The political crisis in Iraq is far from over. There is more violence to come, despite the withdrawal of protesters from Baghdad’s Green Zone earlier this week after two days of violence that killed 30 people and wounded hundreds more. As of Thursday, the violence had moved to the south–to Iraq’s oil-producing governorate of Basra. Four had been killed as of the time of writing after gunmen attacked government buildings housing security forces in the city of Basra.
Violence in Baghdad is one thing, and has the potential to mildly move markets as fears increase of threats to the oil industry in OPEC’s second-largest producer nation. Violence in Basra–the heart of Iraqi oil–is quite another thing.
This is not a separate incident from what has happened in Baghdad, and that is significant. This is a spreading of the political unrest in Baghdad as rival Shi’ite groups vie for power. The clashes both in Baghdad and Basra are between al-Sadr supporters and pro-Iranian Shi’ite factions. Two of the dead were members of the Peace Brigades militia, loyal to al-Sadr. Both Baghdad and the south are dominated by Shi’ites.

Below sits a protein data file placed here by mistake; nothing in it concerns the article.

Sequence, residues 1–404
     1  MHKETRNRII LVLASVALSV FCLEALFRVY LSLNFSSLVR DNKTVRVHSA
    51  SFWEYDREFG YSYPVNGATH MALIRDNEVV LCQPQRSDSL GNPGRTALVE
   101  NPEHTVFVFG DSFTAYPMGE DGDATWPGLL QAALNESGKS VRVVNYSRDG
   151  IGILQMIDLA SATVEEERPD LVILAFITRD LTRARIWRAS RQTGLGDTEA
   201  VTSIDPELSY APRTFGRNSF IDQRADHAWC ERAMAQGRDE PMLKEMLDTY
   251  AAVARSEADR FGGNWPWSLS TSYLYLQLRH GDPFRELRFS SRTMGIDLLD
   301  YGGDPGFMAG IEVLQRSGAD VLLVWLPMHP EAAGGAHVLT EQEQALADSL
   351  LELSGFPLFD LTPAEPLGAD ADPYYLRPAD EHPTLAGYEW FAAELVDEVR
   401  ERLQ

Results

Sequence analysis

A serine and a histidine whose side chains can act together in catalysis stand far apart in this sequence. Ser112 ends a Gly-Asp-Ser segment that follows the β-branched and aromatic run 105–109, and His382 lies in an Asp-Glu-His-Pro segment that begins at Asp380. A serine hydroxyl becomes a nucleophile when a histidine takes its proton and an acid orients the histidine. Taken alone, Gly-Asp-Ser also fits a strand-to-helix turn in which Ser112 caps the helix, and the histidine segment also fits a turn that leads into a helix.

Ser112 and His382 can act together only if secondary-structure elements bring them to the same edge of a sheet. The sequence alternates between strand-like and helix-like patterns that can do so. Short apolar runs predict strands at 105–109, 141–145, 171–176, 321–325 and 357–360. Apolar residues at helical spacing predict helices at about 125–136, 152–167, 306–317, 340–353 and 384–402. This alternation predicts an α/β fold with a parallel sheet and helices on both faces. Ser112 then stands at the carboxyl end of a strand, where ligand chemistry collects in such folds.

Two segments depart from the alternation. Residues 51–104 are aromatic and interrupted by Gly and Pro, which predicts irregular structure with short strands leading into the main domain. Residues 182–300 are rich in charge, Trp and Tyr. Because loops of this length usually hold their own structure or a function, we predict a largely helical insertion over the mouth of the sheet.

In the meantime, oil prices this week have dropped significantly, unphased by the situation in Iraq so far, or the resumption of violence last week in Libya, though instability in both venues could put upward pressure on prices in a tight market. Oil prices rallied last week on comments…